CHICAGO -- This time, Shaquille O'Neal had nothing but praise for the opponent and the officiating.
The only finger he pointed was at himself.
"I have been around a long time and I've been in all these situations before," O'Neal said. "Basically, the Bulls did what they're supposed to do and protect their home court. We have to play smarter basketball. We got to come with a lot more energy and play with a lot more effort and a lot more passion."
Gordon scored 11 in the third quarter, hitting three 3-pointers, and the Bulls built a 17-point lead. Deng scored 14 in the fourth as Chicago sent Miami halfway to elimination.
O'Neal accused the Bulls of flopping and lashed out at referee Eddie F. Rush after Game 1, but said it was a "perfect game today" for the officials. It was anything but that for the Heat and their superstars.
O'Neal and Wade had subpar performances again after struggling through foul trouble in the opener, finishing with 17 and 21 points, respectively. O'Neal was just 6-for-14 from the floor with eight rebounds. Wade, who led a late charge in Game 1, never really got going, hitting 9-of-19. And both had seven turnovers.
"We really can't make any excuses tonight," O'Neal said. "It was a well played game. They just outplayed us. I had way too many turnovers. They shot the ball extremely well."
Trailing 85-71 through three quarters, the Heat were within seven after Wade's layup early in the fourth, but they had no answer for Deng. Quiet in the first half after scoring 33 in the opener, Deng scored the Bulls' first eight points in the fourth before Thabo Sefolosha hit a jumper that made it 95-82 midway through the quarter.
The best-of-seven series shifts to Miami for two games, with Game 3 Friday night.
"We've been here before, you know what I'm saying?" Miami's Alonzo Mourning said. "I have the utmost confidence in my teammates and this team that we can pick ourselves back up and get back on track."
Home teams that have taken the first two games in a best-of-seven series have gone on to advance 95 percent of the time, but the Heat and Bulls have bucked that trend in recent seasons.
Miami dropped the first two games at Dallas in last year's finals, then won four straight to capture the championship. Two years ago, the Bulls opened with two wins at home over Washington but lost the next four in their first playoff appearance since the Michael Jordan-Scottie Pippen era.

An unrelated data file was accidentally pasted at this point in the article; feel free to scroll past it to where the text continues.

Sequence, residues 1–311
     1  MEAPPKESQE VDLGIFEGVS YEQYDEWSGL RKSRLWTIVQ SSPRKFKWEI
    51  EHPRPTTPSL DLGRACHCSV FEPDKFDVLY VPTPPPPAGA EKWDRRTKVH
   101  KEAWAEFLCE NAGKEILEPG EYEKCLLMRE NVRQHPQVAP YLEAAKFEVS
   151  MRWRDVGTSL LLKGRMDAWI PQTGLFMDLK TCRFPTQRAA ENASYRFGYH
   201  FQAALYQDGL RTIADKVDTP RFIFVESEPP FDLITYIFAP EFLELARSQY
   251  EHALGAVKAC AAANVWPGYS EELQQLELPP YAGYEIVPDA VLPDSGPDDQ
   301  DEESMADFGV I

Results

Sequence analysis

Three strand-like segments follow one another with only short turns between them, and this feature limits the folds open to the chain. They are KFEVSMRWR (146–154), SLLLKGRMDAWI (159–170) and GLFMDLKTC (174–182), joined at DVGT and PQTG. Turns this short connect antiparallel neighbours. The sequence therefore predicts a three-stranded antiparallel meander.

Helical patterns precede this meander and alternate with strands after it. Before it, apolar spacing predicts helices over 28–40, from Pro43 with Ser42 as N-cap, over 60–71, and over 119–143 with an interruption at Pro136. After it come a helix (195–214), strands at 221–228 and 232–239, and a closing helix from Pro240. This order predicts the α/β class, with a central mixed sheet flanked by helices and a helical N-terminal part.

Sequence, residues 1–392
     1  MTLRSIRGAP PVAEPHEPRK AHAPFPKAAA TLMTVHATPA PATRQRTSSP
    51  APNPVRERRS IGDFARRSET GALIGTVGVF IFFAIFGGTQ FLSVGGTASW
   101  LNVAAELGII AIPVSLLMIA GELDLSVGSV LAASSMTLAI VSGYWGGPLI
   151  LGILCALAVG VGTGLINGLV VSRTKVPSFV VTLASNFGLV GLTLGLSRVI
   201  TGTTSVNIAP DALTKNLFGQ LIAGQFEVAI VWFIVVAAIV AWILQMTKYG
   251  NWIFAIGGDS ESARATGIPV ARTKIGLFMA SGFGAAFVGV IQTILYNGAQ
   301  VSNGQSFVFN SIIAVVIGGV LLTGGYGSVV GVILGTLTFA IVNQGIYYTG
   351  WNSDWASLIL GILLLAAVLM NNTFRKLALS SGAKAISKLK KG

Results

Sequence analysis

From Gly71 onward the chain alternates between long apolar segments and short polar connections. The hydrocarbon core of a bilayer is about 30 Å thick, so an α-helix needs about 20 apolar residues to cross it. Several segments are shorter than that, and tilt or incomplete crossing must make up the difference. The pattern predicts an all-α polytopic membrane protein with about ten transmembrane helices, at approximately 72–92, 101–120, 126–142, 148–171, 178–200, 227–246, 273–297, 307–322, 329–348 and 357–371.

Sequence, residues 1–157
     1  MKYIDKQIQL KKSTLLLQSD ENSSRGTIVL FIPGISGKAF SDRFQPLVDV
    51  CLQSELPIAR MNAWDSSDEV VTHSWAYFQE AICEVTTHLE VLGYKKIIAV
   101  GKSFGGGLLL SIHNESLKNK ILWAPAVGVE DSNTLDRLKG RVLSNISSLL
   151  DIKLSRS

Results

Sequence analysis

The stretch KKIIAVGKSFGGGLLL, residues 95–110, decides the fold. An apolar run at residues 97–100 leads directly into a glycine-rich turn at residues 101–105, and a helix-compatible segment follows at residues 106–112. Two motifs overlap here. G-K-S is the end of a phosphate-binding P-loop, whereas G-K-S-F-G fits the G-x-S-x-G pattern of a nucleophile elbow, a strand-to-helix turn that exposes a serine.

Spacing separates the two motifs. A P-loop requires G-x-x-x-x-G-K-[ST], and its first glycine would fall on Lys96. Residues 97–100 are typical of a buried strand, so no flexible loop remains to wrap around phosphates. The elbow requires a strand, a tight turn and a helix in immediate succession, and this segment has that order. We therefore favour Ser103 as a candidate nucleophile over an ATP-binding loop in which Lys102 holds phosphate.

"We've got to be mature enough to understand that Miami has been in this situation," said Deng, who was 2-of-7 with six points in the first half. "We can't relax. We have to keep playing aggressive."
The Bulls fell into this matchup when they lost the season finale to New Jersey and dropped from the second seed to fifth. But what looked like trouble for them has, so far, looked rather easy.
As they did in Game 1, the Bulls beat the Heat with quick passes that led to open looks. They were 43-for-78 overall and 11-of-17 on 3-pointers after shooting an uncharacteristic 3-for-17 from long range in the opener.
"We don't have a choice with our ball movement game," coach Scott Skiles said. "That is the way we are constructed, and the way our guys like to play. We are not at that stage yet where we can get away from that game."
Gordon and Deng had help.
Kirk Hinrich chipped in 14 points and eight assists, after scoring two and committing five fouls in the opener.
Hinrich, who was fined $25,000 by the league for tossing his mouthpiece in Game 1, was composed and on target this time.
He and P.J. Brown (10 points) scored two baskets in the opening minute of the second half, extending the Bulls' lead to 59-52 and sending Miami into a 20-second timeout. Hinrich hit a 3 that made it 66-55 with 8:46 left in the third. The Heat called time again, but Chicago didn't stop.
It was 71-55 just over a minute later, after Brown hit a jumper and Gordon brought the crowd to its feet with a 3. The lead reached 17 when Gordon hit another 3 with 5:49 left.
Now, the Heat need another big comeback.
"[We've] always been a team when it's looking bad and we need a win we always get it and fight for it," Wade said.
Skiles expected the NBA to fine Hinrich for tossing his mouthpiece, but he was surprised the guard didn't get ejected. "What Kirk did the other [day], that's supposed to be an automatic ejection," Skiles said. "They didn't see it. Hopefully, nothing like that happens again." Skiles was also surprised the league didn't fine O'Neal for saying referee Rush "derailed" him in the opener. ... While others were quick to credit Sefolosha for containing him in the opener, Wade wasn't as generous with the praise. He said the rookie bothered him on his first shot and one other "that I can remember."